By Veera Karthik Gonagundla

The following rules apply to the Second Question Family: 1. The information in the stimulus is suspect. There are often reasoning errors present, and depending on the question, you will help shore up the argument in some way. 2. The answer choices are accepted as given, even if they include new information. Your task is to determine which answer choice best meets the question posed in the stem. The Third Question Family Attack the authors argument. Instead of strengthening or helping the argument, you attack or hurt the argument. 1. The information in the stimulus is suspect. There are often reasoning errors present, and you will further weaken the argument in some way. 2. The answer choices are accepted as given, even if they include new information. Your task is to determine which answer choice best attacks the argument in the stimulus. The Fourth Question Family Use the information in the stimulus to prove that one of the answer choices cannot occur. Instead of using the information in the stimulus to prove one of the answer choices must be true; you instead prove that one of the answer choices cannot occur or that it disagrees with the information in the stimulus. For the Fourth Question Family, the following rules apply: 1. You must accept the stimulus informationeven if it contains an error of reasoningand use it to prove that one of the answer choices cannot occur. 2. Any information in an answer choice that does not appear either directly in the stimulus or as a combination of items in the stimulus will be incorrect. The correct answer choice will directly disagree with the stimulus or a consequence of the stimulus. Evaluate the Argument questions are a combination of the second and third question families. Most in Question Stems If a question stem says most weakens, the possibility is that every answer choice weakens the argument and you would be in the unenviable task of having to choose the best of a bunch of good answer choices. Fortunately, this is not how it works. Even though most will appear in many stems, you can rest assured that only one answer choice will meet the criteria. So, if you see a most weakens question stem, only one of the answers will weaken the argument.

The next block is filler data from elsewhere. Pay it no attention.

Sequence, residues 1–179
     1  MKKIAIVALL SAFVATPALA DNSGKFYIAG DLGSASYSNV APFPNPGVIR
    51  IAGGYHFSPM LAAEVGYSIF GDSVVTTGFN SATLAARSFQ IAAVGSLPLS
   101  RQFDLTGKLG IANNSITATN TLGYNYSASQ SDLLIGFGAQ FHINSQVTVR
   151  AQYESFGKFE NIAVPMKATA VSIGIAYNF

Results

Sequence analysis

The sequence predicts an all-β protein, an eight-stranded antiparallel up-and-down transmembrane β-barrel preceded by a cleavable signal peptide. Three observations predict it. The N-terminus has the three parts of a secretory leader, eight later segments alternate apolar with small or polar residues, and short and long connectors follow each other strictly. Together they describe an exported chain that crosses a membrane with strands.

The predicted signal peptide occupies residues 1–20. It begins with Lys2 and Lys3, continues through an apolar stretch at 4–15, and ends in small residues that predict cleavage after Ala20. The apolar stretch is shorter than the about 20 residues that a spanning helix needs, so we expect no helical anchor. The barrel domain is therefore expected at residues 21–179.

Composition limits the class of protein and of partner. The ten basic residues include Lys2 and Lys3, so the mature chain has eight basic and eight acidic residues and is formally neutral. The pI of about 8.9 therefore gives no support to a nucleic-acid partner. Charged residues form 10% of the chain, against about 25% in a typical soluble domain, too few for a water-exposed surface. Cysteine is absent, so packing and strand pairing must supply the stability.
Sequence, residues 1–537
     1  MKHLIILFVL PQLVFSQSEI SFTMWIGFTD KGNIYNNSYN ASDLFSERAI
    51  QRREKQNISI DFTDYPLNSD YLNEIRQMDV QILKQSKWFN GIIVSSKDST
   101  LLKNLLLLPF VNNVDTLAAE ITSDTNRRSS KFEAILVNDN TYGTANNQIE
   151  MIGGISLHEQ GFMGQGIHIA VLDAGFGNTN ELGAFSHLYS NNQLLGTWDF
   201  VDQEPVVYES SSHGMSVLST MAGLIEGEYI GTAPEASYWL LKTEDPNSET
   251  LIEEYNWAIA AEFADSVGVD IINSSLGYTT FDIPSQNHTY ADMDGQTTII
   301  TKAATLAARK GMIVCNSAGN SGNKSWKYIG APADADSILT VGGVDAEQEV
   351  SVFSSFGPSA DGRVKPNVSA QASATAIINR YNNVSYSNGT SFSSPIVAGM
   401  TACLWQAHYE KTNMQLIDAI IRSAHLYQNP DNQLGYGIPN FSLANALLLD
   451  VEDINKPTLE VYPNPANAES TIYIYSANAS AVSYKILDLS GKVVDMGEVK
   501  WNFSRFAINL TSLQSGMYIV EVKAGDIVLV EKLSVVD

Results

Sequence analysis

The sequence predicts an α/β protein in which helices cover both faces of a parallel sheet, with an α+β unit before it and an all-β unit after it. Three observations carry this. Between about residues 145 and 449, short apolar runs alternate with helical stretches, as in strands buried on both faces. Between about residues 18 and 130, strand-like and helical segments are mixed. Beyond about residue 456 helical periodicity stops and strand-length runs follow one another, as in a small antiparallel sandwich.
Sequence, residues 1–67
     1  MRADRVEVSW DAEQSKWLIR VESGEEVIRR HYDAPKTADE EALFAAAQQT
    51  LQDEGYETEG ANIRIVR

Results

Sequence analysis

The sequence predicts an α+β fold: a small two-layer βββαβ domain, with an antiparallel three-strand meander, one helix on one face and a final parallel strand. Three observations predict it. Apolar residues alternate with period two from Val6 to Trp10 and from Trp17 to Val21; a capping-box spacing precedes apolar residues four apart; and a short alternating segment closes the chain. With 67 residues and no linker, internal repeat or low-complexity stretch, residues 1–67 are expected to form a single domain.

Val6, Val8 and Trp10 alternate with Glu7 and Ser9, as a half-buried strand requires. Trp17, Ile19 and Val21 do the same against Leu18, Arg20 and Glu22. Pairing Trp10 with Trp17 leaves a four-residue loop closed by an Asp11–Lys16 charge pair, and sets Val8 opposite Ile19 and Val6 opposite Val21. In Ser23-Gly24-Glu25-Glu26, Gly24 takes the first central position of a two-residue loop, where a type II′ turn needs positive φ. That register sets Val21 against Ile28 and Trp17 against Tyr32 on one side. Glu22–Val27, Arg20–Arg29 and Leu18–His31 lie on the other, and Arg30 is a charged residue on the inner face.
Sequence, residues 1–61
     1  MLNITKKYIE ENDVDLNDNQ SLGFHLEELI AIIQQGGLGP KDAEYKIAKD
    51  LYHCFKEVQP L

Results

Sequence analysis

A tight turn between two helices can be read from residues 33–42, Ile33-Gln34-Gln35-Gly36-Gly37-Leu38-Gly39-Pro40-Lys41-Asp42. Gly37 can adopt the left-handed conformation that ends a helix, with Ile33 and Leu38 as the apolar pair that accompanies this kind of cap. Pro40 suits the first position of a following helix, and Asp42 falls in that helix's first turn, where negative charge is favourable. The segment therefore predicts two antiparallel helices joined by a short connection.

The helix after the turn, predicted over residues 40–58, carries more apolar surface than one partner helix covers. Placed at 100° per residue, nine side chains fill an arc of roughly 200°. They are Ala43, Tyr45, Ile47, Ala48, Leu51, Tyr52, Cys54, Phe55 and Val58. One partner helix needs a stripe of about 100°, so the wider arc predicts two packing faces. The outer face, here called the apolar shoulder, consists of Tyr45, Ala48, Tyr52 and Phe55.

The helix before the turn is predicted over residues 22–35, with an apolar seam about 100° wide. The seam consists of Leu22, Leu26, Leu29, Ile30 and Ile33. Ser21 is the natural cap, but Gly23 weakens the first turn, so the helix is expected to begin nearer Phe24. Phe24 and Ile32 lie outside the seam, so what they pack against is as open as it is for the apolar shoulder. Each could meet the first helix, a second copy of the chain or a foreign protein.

Critical Reasoning Strategy Guide

By Veera Karthik Gonagundla